Most observers agree that modern physical theory attempts to provide objective representations of reality. However, the claim that these representations are based on conventional choices is viewed by many as a denial of their objectivity. As a result, objectivity and conventionality in representation are often framed as polar opposites.
Offering a new appraisal of symmetry in modern physics, employing detailed case studies from relativity theory and quantum mechanics, Objectivity, Invariance, and Convention contends that the physical sciences, though dependent on convention, may produce objective representations of reality. Talal Debs and Michael Redhead show that both realists and constructivists have recognized important elements of an understanding of science that may not be contradictory.
The position—“perspectival invariantism”—introduced in this book highlights the shortcomings of existing approaches to symmetry in physics, and, for the constructivist, demonstrates that a dependence on conventions in representation reaches into the domain of the most technical sciences. For the realist, it stands as evidence against the claim that conventionality must undermine objectivity. We can be committed to the existence of a single real ontology while maintaining a cultural view of science.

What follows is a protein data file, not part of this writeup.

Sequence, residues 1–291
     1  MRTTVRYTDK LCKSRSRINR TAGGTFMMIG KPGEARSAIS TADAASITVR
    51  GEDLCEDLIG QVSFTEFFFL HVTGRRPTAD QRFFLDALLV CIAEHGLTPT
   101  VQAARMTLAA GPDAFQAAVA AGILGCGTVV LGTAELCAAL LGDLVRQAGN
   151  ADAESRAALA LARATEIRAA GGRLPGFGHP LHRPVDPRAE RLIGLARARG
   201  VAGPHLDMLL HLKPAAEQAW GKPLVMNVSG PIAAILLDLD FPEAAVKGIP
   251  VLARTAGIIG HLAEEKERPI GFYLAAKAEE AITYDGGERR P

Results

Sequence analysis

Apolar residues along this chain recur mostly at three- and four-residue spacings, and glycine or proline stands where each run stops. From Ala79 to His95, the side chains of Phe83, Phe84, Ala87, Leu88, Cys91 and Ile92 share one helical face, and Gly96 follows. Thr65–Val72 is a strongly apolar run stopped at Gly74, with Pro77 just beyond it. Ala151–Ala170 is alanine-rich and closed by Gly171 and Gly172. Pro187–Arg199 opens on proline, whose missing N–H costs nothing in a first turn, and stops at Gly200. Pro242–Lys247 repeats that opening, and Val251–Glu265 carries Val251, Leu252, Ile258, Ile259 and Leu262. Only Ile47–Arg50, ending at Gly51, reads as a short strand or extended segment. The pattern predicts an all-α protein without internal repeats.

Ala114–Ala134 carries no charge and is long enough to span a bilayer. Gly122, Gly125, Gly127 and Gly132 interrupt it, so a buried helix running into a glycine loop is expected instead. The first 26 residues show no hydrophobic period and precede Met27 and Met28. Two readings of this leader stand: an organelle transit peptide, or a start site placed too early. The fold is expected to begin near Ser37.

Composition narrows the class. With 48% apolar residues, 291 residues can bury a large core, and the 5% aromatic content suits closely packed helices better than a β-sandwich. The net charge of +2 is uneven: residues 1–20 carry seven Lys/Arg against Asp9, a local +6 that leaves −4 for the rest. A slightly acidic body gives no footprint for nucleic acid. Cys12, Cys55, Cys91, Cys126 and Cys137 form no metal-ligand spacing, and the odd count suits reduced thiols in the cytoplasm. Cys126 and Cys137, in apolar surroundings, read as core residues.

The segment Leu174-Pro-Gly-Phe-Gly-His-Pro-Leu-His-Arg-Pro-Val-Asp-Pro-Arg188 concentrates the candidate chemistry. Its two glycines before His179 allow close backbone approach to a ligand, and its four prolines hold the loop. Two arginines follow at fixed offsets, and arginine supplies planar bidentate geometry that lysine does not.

The problems of symmetry in physics have become significant, particularly in the clash of renormalizable gauge field theory and general relativity or in ‘symmetry-breaking’ in condensed matter physics. Here, Debs and Redhead (both, London School of Economics) tackle the problem of whether invariance under transformations endow the invariants with objectivity or reveal merely convention-generated presupposition.
Debs and Redhead claim that invariants in the fundamental theories of physics are ultimately ‘perspectival’ because invariance is always relative to specified transformations or symmetries. Moreover, they argue, the choice of a perspective is ultimately conventional. These and other controversial claims are sure to engage not only philosophers of physics but other philosophers of science and the broader science studies community as well.
In this engaging book, Debs and Redhead offer a courageous and novel answer to two questions that are still at the frontier of current scholarship: What precisely is being presented by scientific presentations? Are they attempts to approximate an objective representation of reality, or is any such attempt fatally undermined by its inescapable conventionalist choices? The evenhanded and persuasive answers to these questions, bolstered by three case studies from modern theoretical physics, will greatly interest a wide range of scholars—historians and philosophers of science, social constructivists as well as realists.
- 208 pages
- 6-1/8 x 9-1/4 inches
- Harvard University Press
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